Previously, on the Walking Dead…
Well, no, obviously, this is The Americans (Season Six, Episode 2), but by the time the hour was over, I couldn’t help but feel that I was watching a lot of dead men and women walking.
We’re just two episodes in, and the showrunners are clearly putting an emphasis on the thematic unity of each hour of The Americans’ last season. In “Tchaikovsky,” every marriage/adult relationship is on the verge of ending, and nearly every platonic encounter between two adults is fraught with either danger or emotional drama.
First the hockey player/KGB courier is in the doghouse with his wife, and FBI Agent Stan Beeman is called in to play marriage counselor (because that’s so clearly in his wheelhouse). Then Philip discovers that one of his most loyal clients has been cheating on him with another travel agency, only to be advised by his subordinate and even his son (hey, it’s Henry! On the phone!) that he only has himself to blame. Then, in perhaps one of the weirdest scenes to be featured in the Americans, w e follow the Soviet courier into the men’s room, where he enter a stall, pulls down his pants, and hold up a bag so that a man in the adjoining stall can somehow see everything using a retrofuturistic gadget that looks like a cross between a slide projector and a vacuum cleaner. All while the courier slumps back on the toilet seat, with an expression that would look more appropriate either on someone who just shot heroin, or who is on the receiving end of the sort of illicit men’s room act that gets congressmen arrested. At least someone is making a connection.
Oh, and speaking of retrofuturistic gadgets: Mail Robot is back after an extended absence (rehab?), gliding past Stan in the background. This may be the last time we ever see him, and I kind of wish Claudia’s recording of Tchaikovsky’s “None But the Lonely Hearts” were accompanying him as he goes on his final spin.
But enough mourning the automata of the Cold War. Let’s talk about the kids, because, as Elizabeth’s conversation with her handler Claudia reminds us, they are our future. Elizabeth’s mentorship of Paige seems to be going off the rails. Paige initiates that awkward conversation about sex that every parent dreads: “Mom, when a spy loves the Motherland very, very much, does she every do the nasty with her targets?” Elizabeth’s response is, unsurprisingly, to lie. But then she has to admit that, occasionally, things get complicated.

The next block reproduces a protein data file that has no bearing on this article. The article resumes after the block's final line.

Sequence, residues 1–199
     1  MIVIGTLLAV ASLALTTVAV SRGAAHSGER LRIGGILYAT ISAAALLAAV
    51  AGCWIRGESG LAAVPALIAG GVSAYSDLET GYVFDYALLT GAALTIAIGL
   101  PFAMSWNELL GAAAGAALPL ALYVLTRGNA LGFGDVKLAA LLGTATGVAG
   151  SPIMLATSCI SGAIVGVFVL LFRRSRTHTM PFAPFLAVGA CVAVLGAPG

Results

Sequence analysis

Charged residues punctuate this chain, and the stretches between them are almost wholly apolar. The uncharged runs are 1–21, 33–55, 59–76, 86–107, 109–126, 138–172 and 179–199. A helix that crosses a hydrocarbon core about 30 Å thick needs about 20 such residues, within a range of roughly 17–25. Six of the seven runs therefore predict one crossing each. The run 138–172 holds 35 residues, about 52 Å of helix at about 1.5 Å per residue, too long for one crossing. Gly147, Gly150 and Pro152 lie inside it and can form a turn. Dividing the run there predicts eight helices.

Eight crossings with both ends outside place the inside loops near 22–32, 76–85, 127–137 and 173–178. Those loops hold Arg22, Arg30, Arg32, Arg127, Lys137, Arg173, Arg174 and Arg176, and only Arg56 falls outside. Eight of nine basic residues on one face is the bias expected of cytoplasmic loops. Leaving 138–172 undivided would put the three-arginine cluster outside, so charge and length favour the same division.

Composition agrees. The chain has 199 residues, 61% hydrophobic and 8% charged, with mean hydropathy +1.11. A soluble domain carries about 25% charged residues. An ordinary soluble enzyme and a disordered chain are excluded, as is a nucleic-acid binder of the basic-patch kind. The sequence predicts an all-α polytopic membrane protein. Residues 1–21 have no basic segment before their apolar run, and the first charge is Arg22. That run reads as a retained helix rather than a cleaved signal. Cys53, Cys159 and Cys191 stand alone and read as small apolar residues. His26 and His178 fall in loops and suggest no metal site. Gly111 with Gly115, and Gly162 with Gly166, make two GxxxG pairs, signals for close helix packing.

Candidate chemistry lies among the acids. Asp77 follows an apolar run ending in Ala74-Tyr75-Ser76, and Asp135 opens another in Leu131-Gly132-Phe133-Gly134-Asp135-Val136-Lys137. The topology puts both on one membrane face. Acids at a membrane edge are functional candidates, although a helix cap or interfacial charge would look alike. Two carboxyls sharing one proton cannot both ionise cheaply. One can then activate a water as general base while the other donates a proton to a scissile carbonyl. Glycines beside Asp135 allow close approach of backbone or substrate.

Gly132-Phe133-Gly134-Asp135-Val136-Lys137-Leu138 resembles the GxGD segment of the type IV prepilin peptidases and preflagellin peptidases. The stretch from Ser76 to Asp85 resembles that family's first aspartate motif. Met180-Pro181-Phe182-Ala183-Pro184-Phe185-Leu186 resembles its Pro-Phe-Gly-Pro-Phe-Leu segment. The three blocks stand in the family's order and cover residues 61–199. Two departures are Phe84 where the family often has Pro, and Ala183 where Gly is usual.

This is one of the many time bombs waiting to go off this season. Because Elizabeth’s real dirty secret in this regard is not having sex with targets, but marrying and having sex with Philip on the orders of her handlers. True, their fake marriage becomes a real one (and now, perhaps, some variety of fake again), but the reality is much worse than facing the Freudian taboo of your parents’ sexual desire. Some day, Paige is going to learn that the only reason she exists is to shore up her parents’ cover story.
Meanwhile, death is in the air. Erica, the woman Elizabeth is taking care of while wearing one of her biggest wigs ever, is getting ever sicker, and ever more obnoxious. The parallels between her and Elizabeth were established from the very beginning (Elizabeth asleep while Erica is awake in bed, drawing Elizabeth; Erica asleep while Elizabeth is awake). Now the dying woman forces Elizabeth to draw, despite Elizabeth’s professions the she has no talent. They seem to be merging a bit, and when Elizabeth offers to help Erica’s husband put her out of her misery, the story once again seems to be more about Elizabeth than Erica. Of course Elizabeth can help Erica’s husband kill her properly—it’s what she does best. But Elizabeth’s entire story arc this season develops under the threat that she may have to use her poison-filled locket to commit suicide.
Thus the show is telling us the story of the walking dead: Elizabeth seems to be approaching her expiration date, Ronald Regan may be going senile (I know, I was as shocked as you are), Erica has a terminal disease, and Henry tells his father that Philip sounds as if he’s about to jump out a window.
All of this culminates in Elizabeth’s struggle with the General she’s blackmailing to get a “lithium-based radiation sensor.” The mention of radiation should remind us of the huge Cold War event that somehow has yet to referenced on The Americans: Chernobyl, even though, in series’ time, it would have just happened the previous year. Chernobyl turned countless people into the (future) walking eead, living under a death sentence that no one could actually see.
When the General pulls a gun on Elizabeth, she suddenly invokes, of all things, motherhood. “I have two children!” she shouts, and even though it is true, it feels like a lie. In fact, she is using it as a distraction, and starts wrestling with the general for the gun. The general shoots himself, splattering blood and brains all over Elizabeth.
This is the point when the episode’s focus becomes clear, because Paige arrives on the scene. She was part of Elizabeth’s mission, making this episode officially the worst “Take Your Daughter To Work Day” ever. Paige is horrified as her mother, face covered in blood and brains, shouts at her to leave.
Poor Paige. She runs away from zombie Mom when she probably should have put a spike through her head. It’s only a matter of time before she gets bitten.